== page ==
How to Play Fantasy Baseball - Basic Draft Strategy
By Chris Liss
Whether your league uses a draft, auction, or any other method to allocate players to
their rightful owners, there are certain principles and considerations you ought to take
I list and explain them below in order of importance.
1. Be prepared.
I am not an advocate of the mind-numbing process whereby you add up the total dollars
to be spent in your league and allocate the proper amounts to every single player that
might possibly be acquired. If you want to do this, good for you, but I dont believe
its necessary. What I do believe is necessary is a familiarity with every single
major league regular and all of the important bench players on every team. Yes, you ought
to know who the Florida Marlins outfielders are, and the Tampa Bay Devil Rays, too.
Every team in the major leagues will win forty-five games, score runs, and amass a few
saves. Chances are that there will be a few players on even the worst teams that can help
you fill in for an injured starter, jump start you in stolen bases, or even emerge as one
of your stars. That these teams exist means that opportunities exist, and, in my mind,
just about any player with enough talent to make it to the pros has the potential to put
up numbers if he gets the chance to play.
Know who these players are, whether they can run or hit for power, whether they have
closer-type stuff, and whether they will get a chance to be on the field in 99.
2. Make sure you get the best available players relative to the position(s)
at which theyre eligible.
To some, this is an obvious point, but I am always surprised when talking to veteran
rotisserie owners who routinely ignore it. I suggested to a friend of mine recently that
in a single list draft (one where all MLB players are included), Id select Alex
Rodriguez as the first pick. He said hed take Ken Griffey, Jr. I said: "But
Arods a 40/40 guy and a shortstop!" He said, "Yeah, but Griffey could hit
The fact is, if Arod hits 40 homers and steals 40 bases again, hell likely be
worth more than Griffey even if Griffey does crack 60. Why? Because Griffey is an
outfielder and Arod is a shortstop.
If your league has ten teams, each of which has five outfielders, 1 shortstop, and 1
middle infielder, then you know that you need only consider the top 50 outfielders and the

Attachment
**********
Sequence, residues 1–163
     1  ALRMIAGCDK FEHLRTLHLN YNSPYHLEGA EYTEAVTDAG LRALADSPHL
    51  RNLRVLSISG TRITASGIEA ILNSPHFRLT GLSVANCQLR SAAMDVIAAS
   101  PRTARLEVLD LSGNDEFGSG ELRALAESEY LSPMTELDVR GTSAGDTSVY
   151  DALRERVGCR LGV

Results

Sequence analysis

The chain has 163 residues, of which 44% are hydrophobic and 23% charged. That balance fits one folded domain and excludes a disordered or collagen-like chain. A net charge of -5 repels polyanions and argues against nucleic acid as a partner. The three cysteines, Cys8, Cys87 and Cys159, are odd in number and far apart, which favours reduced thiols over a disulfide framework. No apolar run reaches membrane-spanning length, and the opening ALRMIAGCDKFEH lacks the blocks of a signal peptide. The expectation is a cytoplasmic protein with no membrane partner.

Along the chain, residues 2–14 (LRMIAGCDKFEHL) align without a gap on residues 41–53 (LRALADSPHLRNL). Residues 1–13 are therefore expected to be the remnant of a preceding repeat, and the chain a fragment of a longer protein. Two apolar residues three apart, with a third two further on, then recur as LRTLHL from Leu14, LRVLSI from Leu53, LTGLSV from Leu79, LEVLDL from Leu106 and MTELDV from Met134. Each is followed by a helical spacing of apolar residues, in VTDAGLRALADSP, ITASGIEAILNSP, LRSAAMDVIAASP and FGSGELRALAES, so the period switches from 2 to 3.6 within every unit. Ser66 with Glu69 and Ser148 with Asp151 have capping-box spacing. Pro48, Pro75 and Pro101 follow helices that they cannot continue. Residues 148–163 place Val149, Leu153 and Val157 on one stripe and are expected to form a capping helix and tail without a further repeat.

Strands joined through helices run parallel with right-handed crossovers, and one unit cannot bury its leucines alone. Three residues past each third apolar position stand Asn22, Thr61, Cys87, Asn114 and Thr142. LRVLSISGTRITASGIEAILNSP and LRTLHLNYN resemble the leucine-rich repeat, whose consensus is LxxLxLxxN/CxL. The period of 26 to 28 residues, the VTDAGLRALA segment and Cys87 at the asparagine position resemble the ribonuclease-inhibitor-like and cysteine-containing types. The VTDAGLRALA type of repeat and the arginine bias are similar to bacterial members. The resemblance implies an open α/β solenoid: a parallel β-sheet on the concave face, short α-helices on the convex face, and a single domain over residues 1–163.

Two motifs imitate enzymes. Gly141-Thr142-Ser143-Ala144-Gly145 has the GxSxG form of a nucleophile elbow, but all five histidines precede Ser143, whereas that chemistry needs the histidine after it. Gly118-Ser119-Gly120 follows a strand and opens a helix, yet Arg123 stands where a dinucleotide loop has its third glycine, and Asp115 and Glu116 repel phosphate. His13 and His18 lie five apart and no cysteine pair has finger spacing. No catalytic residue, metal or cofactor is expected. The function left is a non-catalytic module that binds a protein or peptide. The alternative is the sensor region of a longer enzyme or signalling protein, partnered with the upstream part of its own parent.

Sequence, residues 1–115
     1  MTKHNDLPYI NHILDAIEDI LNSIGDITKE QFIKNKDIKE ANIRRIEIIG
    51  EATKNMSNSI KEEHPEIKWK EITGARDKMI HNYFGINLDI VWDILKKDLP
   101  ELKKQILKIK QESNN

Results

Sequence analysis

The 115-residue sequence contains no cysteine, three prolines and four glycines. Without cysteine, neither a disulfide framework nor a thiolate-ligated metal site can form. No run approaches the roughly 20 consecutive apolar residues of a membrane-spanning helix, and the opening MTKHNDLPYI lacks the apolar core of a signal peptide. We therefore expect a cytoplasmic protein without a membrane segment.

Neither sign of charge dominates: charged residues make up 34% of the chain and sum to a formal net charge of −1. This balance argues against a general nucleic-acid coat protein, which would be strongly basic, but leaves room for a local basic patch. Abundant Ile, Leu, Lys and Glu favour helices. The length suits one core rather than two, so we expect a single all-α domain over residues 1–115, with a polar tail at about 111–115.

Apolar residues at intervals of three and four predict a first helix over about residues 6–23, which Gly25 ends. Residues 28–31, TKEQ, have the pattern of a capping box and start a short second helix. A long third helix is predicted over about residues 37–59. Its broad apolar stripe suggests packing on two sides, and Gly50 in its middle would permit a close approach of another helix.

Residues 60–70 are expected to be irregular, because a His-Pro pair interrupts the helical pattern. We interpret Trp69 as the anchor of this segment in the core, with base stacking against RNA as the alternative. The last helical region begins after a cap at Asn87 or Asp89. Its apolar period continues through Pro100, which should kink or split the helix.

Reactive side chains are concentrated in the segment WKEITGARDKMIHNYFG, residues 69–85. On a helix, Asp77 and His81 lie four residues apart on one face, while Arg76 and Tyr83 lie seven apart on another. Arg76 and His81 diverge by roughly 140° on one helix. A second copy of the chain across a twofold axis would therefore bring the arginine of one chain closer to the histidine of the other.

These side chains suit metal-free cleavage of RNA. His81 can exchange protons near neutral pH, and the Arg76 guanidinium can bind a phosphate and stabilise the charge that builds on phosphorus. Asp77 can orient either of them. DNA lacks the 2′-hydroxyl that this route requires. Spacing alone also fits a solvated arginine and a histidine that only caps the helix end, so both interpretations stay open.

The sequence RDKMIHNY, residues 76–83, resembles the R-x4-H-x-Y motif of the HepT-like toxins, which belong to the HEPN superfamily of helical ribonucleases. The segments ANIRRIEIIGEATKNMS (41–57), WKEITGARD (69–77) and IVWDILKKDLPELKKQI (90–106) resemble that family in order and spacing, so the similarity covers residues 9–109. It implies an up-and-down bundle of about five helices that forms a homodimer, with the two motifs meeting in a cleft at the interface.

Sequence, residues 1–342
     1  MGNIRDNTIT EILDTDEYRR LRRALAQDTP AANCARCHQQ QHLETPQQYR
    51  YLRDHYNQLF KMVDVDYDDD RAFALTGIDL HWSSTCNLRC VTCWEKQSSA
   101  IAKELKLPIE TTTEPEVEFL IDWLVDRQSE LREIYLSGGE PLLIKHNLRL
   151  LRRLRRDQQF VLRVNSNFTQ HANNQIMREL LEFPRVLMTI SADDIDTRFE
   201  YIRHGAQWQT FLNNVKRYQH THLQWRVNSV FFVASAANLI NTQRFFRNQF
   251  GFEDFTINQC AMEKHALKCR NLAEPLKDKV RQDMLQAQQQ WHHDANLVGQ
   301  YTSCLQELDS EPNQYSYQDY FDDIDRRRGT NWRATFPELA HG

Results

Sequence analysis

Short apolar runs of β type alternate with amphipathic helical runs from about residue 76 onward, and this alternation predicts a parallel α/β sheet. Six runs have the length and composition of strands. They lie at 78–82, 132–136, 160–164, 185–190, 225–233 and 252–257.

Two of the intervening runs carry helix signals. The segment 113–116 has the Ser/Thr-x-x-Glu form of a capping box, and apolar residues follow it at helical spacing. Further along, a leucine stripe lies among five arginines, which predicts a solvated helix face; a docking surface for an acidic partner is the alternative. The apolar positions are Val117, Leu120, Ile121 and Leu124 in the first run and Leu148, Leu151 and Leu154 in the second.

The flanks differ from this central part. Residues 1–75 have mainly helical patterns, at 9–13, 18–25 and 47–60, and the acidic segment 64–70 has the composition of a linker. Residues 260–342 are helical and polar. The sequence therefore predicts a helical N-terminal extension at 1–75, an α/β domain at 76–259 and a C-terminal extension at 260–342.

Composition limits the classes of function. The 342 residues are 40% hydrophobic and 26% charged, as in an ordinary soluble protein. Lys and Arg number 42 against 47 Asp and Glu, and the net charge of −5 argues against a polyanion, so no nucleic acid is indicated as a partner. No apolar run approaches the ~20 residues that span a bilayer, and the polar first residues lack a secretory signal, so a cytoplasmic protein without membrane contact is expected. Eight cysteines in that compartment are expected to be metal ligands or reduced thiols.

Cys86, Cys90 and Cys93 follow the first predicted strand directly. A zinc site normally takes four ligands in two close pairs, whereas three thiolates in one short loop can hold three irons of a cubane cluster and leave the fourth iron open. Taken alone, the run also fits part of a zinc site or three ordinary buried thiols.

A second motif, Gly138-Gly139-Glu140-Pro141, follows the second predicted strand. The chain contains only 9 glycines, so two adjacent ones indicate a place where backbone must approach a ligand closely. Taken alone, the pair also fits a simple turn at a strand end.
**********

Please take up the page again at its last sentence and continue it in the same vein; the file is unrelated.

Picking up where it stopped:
top 15 or so shortstops. Anyone worse than that will not be drafted, even in the last
Consider who the 50th best outfielder might be this year. It might be Brian
McRae of the Mets, who was a 21/20 guy last year, or it could be Bobby Abreu of the
Phillies, an up and coming hitter who batted .312 with 17 HR and 19 steals. Now compare
that to the 15th best shortstop, possibly Jose Valentin or Gary DiSarcina?
Valentin batted .224 with 16 HR and 10 SB. Disarcina did hit .287 but with only 3 HR and
The point is that if you get ARod, you have filled your SS slot, and thus still need
five outfielders, but if you take Griffey, youll need four outfielders and a SS. So
when you take Arod over Griffey, you get his numbers plus the difference between an
average outfielder and an average shortstop. And you must always remember to factor in
that difference when drafting.
3. Factor likelihood of injury into player values ahead of time.
Another obvious, but often overlooked point. Larry Walker in Coors Field when healthy
can put up numbers with the best of them. Just take a look at his monstrous 97
campaign where he hit 49 HR, stole 33 bases, and batted .366. But Larry Walker has
bad knees. In 1996, he managed only 272 at bats, and in 98 only 454. Last year, I
witnessed an auction filled with knowledgeable owners where Walker went for the same price
as Griffey. Although his upside is equal to Griffeys, hes less likely to
achieve it. Therefore, Walker should have been valued more in the Ray Lankford range, even
though he could turn out to be a dominant player. Take the value out up front. Dont
draft Walker too high and then complain that you had bad luck if he gets hurt.
4. A great starting pitcher is usually the most valuable player on a rotisserie team,
but pitchers are particularly unpredictable, and that unpredictability should be
factored in ahead of time.
I believe an ace starter is usually going to be the most valuable player on a given
roto team. Why? Because in most roto formats you have only nine or ten pitchers, two or
three of which are closers. That leaves roughly seven starters. Those seven starters will,
in most formats, contribute to at least three, if not four categories, Wins, Ks, ERA, and
sometimes WHIP. On the other hand, most roto formats have roughly thirteen offensive
players contributing to four or five categories (HR, RBI, RUNS, SB, AVG.). Even if you
conflate the middle infield positions and catchers into three rather than five players due
to their limited production (which is dubious with Nomar, ARod, Biggio, and Piazza out
there), you still have eleven players contributing to five categories versus seven
pitchers contributing to four. That means that the average starting pitcher gives you four
sevenths of a category, and the average hitter gives you five elevenths. Do the math. Four
sevenths is 44/77, five elevenths is 35/77. Thats more than 25% more value for the
pitcher. So starting pitchers are where the value is. (Unless your league has more hitting
categories than pitching in which case it is much more even).
That said, pitchers performances are harder to predict than their lumber-wielding
counterparts. This is partly because pitchers are more likely to get injured than position